‘Aboriginal art is perhaps most accurately described as a method for gaining knowledge of nature and its invisible Dreaming.’
Traditionally, Aboriginal people would travel across their land listening intensely to the noises made by both animals and nature itself. From animals they wouldn’t just listen to their calls, but the sounds of their feet against the trees and grass, the flap of their wings, the pecking of their beaks and any other noise they produced. Then the sounds of thunder and wind, the noise of trees creaking and water running would be combined with the aforementioned sounds and played with as much accuracy as possible.
There are many different beliefs behind the creation of the didgeridoo, but it is in Dreamtime that the most popular and sacred beliefs are held. One Dreamtime story tells the story of one god in particular who carried his didgeridoo on his back and later transformed into a bird with the didgeridoo sticking out from behind, becoming the bird’s long, narrow tail; whilst another tells the story of three gods who would play didgeridoo, sing and dance together, also taking on bird-forms. As they do so, they name and create all the different things in our world.
The didgeridoo is a brass aerophone, that was originally found in Arnhem Land in Northern Australia over 40,000 years ago, and was played by men only in tribal groups. Traditionally they are made from trunks and limbs from eucalyptus trees that had been hollowed out by termites and bamboo from the far north of the country. Once hollow, the people would clean out the leftovers with sticks or saplings. Although termites would usually hollow them out to an average length ranging between 130-160 centimetres, there is no standard didgeridoo shape or size and they all produce different sounds, with a higher pitch being played in the more flared instrument. Today, didgeridoos are made from a variety of materials including leather, ceramic, glass, plastic and solid timbers.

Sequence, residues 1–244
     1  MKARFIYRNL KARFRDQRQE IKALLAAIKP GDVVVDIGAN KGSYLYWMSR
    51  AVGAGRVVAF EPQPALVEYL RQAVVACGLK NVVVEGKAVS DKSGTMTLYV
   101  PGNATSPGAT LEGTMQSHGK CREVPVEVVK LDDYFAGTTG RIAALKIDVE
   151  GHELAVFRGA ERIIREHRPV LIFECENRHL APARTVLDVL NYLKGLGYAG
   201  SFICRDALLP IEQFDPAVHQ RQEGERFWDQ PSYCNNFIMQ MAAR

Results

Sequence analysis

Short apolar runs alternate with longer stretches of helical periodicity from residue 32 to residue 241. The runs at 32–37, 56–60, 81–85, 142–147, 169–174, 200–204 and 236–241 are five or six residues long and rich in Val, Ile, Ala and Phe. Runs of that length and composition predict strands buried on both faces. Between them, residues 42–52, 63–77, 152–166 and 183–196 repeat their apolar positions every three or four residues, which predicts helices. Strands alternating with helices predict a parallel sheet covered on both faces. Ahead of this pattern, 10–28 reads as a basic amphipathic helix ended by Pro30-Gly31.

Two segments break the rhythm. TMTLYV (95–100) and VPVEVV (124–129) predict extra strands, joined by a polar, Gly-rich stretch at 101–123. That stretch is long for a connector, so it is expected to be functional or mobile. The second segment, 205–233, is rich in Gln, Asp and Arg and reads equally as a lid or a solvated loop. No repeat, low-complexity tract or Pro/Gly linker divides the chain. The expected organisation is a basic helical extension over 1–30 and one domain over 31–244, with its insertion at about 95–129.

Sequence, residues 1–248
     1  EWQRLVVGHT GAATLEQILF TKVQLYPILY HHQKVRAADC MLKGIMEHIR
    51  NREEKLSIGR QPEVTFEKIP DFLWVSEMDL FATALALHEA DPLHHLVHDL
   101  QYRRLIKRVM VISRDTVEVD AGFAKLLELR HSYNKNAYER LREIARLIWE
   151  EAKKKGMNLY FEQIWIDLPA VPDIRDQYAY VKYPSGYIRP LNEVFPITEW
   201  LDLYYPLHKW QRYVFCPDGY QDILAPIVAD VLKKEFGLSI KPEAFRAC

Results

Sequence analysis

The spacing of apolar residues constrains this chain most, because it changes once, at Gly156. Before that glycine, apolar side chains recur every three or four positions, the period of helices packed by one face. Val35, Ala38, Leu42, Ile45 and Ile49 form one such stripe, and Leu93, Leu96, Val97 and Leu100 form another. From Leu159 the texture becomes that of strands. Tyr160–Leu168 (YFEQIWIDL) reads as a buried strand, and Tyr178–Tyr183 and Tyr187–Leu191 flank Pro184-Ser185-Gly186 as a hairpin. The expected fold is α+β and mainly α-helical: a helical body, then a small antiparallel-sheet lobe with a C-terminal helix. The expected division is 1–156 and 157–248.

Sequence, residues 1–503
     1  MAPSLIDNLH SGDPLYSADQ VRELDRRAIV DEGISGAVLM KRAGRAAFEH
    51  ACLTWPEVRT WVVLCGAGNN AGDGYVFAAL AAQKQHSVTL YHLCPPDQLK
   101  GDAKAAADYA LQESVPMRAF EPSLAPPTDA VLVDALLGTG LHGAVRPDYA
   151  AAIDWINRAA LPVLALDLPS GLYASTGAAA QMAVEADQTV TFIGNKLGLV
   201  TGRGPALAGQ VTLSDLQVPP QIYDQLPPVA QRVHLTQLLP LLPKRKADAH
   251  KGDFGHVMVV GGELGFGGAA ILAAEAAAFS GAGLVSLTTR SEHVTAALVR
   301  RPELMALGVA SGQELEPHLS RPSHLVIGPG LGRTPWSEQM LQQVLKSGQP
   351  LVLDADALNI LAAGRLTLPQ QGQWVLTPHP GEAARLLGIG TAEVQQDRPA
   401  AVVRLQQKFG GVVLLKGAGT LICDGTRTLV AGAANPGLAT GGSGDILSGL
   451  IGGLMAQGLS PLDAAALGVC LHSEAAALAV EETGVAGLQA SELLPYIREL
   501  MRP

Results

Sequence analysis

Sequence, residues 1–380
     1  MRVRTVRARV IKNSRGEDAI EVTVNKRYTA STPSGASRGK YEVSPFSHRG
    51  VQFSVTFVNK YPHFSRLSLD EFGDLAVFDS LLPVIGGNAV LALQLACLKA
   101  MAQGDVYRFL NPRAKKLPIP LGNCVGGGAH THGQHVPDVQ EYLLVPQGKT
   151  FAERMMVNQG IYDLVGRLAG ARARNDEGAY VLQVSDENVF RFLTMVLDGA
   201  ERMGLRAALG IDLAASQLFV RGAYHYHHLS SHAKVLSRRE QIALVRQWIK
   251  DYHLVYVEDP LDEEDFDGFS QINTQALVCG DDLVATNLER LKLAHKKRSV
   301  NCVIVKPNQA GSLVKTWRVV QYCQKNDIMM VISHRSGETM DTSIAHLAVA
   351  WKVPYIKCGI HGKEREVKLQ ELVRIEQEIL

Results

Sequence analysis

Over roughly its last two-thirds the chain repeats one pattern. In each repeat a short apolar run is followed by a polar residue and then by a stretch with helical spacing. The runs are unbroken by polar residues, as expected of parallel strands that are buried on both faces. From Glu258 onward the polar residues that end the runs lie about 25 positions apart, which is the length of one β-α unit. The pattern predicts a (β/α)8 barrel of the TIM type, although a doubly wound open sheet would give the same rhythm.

Songs would often be played during ceremonies connecting them to their ancestors bringing Dreamtime to life, and is accompanied by chants, singers and dancers telling the tribal stories. However, it is often seen outside of ceremonies that both women and children would also play the didgeridoo. Further, many would paint their instrument using traditional or modern paints, crafted by the instrument’s maker or by a dedicated artist.
To play the wind instrument, one must continuously vibrate one’s lips into the drone whilst using circular breathing – a special breathing technique where one breathes through the nose whilst ‘simultaneously expelling stored air out the mouth using tongue and cheeks.’ This technique allows players to sustain notes for a long period of time, with a modern didgeridoo player holding the record of playing a continuous note for more than 40 minutes.
The rhythm and beat patterns that are played by Aboriginal people have been passed down for many generations and are still an integral part of ceremonial life. However, many players today have taken the modern approach to playing this instrument by combining the traditional patterns with beat-boxing to create a whole new sound, and didgeridoos are featured in many songs of today, like Solid Rock.
Despite being around for tens of thousands of years, the name didgeridoo is a western word that was given to the instrument roughly 100 years ago. Rather each Aboriginal tribe calls the sacred instrument something different; for example the Gagudju people from the Kakadu region call the instrument garnbak, whilst the Jawoyn people from the Katherine region call it artawirr and the Nyul Nyul people from the Kimberley’s call it ngaribi. However, the western word didgeridoo has further been spelt in a variety of different ways – didjeridoo, didjeridu, didjiridu, didjerry, dijeridu and didjereedoo – but all relate to the same instrument. No matter how you spell or pronounce it, the instrument itself is colloquially known as the ‘sound of Australia.’